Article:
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Scientists have figured out how to clean up Fukushima once and for all

clean up Fukushima

clean up Fukushima Clean up Fukushima?

The Fukushima disaster occurred almost six years ago when an earthquake-caused tsunami crashed into the Fukushima Daiichi nuclear power plant, releasing large amounts of radioactive material into the surrounding area and creating an environmental problem still left to be solved: what to do with the millions of litres of contaminated water used to cool the damaged reactors?

Now, scientists from Rice University in Houston, Texas, and Kazan Federal University in Russia think that they have come up with a solution that’s both affordable and effective.

While the worry about radioactive contaminants reaching across the Pacific ocean to North America in large quantities has more or less been resolved, with numerous studies showing almost negligible rises in radioactive contaminants in fish along the west coast of Canada and the U.S., the issue of trying to deal with the tonnes of stored, contaminated water remains.

In a new study, researchers say their formulation of oxidatively modified carbon (OMC) is successful at absorbing the radioactive elements cesium and strontium, both found in the stored water at Fukushima.

“There is a constant need to develop advantageous materials for removing radioactive waste from aqueous systems,” say the authors, whose study is published in the journal Carbon. “Here we propose a new carbon-based material prepared by oxidative treatment of various natural carbon sources.”

The researchers took an inexpensive, coke-derived powder known as C-seal F, used as an additive to drilling fluids in the oil industry, and combined it with a carbon-heavy mineral called shungite to produce the OMC material. They found that treating the carbon particles with oxidizing chemicals increased the surface area and supplied the necessary grouping of oxygen molecules across the material for absorbing the toxic metals. In column filtration tests, the new carbon filter removed nearly 93 per cent of cesium and 92 of strontium in one pass.

“Just passing contaminated water through OMC filters will extract the radioactive elements and permit safe discharge to the ocean,” says James Tour of the Department of Chemistry, Department of Material Science and Nano Engineering, and NanoCarbon Center at Rice University, in a statement. “This could be a major advance for the cleanup effort at Fukushima.”

The radioactivity released into the surrounding area led the Japanese government to evacuate all residents within a 20 kilometre range of the reactor site. Since the disaster, researchers on the North American side of the Pacific began measuring radioactive levels, as water currents are known to circulate across from Asia.

To this day, evidence of radioactive isotopes like cesium-134 and -137 have been found in the waters and wildlife off Canada’s west coast, attributable to Fukushima, but readings are said to be at a low and harmless level. For instance, tuna caught in the Pacific post-Fukushima was found to contain measurable amounts of C-134 and C-137, yet at levels lower than even the naturally occurring radioactive potassium in tuna, itself not a health concern.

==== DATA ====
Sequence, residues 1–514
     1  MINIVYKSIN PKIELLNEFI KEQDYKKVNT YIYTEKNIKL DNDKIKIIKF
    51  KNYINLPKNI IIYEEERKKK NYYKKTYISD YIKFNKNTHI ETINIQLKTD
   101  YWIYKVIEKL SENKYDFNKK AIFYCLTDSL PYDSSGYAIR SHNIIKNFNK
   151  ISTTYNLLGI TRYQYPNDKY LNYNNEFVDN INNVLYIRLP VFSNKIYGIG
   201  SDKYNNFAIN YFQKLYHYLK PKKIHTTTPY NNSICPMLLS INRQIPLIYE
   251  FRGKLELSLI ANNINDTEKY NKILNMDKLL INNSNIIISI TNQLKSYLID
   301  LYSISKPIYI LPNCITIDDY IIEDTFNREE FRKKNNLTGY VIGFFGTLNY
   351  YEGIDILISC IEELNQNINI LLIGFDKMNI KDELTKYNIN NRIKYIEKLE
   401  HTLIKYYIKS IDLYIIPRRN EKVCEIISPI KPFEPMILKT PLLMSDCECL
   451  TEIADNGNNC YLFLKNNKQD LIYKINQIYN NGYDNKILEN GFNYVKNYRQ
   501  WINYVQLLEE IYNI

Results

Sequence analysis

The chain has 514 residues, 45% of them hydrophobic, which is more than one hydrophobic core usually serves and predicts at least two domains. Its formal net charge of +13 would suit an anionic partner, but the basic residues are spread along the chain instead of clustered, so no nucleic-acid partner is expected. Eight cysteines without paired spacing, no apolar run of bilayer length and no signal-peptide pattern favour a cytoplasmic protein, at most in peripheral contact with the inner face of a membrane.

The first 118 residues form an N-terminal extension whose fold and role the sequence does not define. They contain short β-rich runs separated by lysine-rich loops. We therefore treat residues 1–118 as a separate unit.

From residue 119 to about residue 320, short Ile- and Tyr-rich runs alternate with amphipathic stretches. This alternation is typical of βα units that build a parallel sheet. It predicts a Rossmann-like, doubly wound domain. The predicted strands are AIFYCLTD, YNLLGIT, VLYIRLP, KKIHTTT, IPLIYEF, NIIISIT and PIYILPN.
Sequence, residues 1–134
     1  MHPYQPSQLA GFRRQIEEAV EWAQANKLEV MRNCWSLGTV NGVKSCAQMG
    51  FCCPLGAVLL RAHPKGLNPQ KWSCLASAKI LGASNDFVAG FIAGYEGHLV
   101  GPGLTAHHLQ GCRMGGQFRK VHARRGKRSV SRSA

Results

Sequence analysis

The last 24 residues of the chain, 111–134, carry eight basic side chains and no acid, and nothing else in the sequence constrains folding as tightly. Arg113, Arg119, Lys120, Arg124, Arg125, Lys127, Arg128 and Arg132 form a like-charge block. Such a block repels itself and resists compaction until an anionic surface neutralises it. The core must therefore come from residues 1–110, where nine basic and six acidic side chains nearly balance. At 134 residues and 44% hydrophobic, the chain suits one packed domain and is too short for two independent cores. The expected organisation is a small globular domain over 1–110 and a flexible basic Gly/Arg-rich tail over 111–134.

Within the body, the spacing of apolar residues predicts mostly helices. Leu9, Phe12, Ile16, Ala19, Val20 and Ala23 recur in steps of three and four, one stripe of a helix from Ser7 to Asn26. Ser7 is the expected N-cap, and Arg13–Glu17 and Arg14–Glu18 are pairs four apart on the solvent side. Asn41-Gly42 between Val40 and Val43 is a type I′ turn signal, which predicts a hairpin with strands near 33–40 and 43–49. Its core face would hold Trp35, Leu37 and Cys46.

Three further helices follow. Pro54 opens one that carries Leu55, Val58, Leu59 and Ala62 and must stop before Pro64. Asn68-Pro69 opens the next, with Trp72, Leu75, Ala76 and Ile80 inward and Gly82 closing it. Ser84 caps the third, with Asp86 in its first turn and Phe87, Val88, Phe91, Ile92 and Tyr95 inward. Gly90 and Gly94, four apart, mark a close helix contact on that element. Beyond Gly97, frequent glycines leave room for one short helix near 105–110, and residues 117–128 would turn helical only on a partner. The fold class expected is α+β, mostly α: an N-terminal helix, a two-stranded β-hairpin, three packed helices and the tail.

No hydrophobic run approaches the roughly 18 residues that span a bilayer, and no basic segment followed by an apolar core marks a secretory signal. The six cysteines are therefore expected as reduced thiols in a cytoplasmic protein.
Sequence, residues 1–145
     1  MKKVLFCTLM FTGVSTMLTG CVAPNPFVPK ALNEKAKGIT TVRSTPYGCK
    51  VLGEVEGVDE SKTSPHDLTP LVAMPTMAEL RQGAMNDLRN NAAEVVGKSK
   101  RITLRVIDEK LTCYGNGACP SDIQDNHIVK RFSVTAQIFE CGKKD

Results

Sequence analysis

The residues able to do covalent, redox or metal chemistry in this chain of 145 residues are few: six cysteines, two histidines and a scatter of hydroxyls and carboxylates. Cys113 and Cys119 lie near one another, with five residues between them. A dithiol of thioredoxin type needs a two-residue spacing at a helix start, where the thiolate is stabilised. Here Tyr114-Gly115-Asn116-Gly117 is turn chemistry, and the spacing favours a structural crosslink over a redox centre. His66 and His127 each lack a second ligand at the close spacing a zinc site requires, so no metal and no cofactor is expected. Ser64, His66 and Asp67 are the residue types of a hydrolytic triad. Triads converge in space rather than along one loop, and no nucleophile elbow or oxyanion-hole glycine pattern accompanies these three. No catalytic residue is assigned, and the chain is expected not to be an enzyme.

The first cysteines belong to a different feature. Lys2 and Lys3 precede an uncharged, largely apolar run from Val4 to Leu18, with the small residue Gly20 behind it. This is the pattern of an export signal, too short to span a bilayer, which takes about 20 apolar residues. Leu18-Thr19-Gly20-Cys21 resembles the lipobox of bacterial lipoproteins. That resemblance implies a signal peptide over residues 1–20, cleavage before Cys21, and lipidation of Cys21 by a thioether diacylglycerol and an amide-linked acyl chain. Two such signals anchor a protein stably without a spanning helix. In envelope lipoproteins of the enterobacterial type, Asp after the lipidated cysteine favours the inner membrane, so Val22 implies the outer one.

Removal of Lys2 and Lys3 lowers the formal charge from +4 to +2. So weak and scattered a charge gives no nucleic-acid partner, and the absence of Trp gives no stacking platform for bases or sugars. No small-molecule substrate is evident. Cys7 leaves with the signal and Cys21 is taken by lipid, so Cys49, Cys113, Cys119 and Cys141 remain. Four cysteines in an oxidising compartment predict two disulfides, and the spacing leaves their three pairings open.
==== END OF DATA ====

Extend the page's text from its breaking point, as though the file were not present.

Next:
A study last year of B.C. salmon found no detectable levels of C-134 in samples taken from 156 salmon, while trace evidence of C-137 found in the fish could not reliably be directed attributed to the Fukushima disaster as opposed to other possible sources.

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About The Author /

Jayson is a writer, researcher and educator with a PhD in political philosophy from the University of Ottawa. His interests range from bioethics and innovations in the health sciences to governance, social justice and the history of ideas.

Comment

  1. Scientist… by Jayson McLean 21JAN17. Facts do not support article theme. 28MAR79 Three Mile Island partial nuclear reactor meltdown took 7 years of continuous effort to clean up meltdown. 26APR86 Chernobyl nuclear meltdown has never been cleaned up rather cement is being poured over the top because the molten radioactive melted reactor core is too massive to remove. Fukushima 11MAR11 is not one or two but three molten radioactive melted reactor cores that TEPCO and Japan have refused to identify location of reactor cores let alone begin clean up. Addressing contaminated fresh water and ocean water contaminated by three molten radioactive reactor cores that may or may not still reside within the boundary nuclear reactor containment vessels is essential. Please do not confuse decontamination of contaminated water with clean up of secret location of molten radioactive nuclear reactor cores.

  2. Fukushima 600 tons of plutonium burning in the pacific is spreading across the world and its ability to cause disease and death is unknown, but estimated to be able to easily shut down the food chain in the ocean and potentially on land too, it must be cleaned up, the first 3 links are ugly news, the last link is a way to clean up the radiation, Japan is in need of getting down to a through cleanup, what they are doing presently is worthless and puts the world in jeopardy, if you like your standard of living, Fukushima will change that, you and your family will potentially get sick from it or die, what is a zero hedge fund for, use some of you money to make alot of noise to get the cleanup started immediately:

    http://www.globalresearch.ca/fukushima-worst-industrial-cataclysm-in-history-of-world-nuclear-engineer-arnie-gundersen/5580249

    http://www.globalresearch.ca/fukushima-out-of-control-radiation-levels-significantly-higher-than-unimaginable/5574837?utm_campaign=magnet&utm_source=article_page&utm_medium=related_articles

    http://enenews.com/

    http://www.supermodeling.tv/FUKIUSHIMA_REACTOR_CONTAINMENT.html

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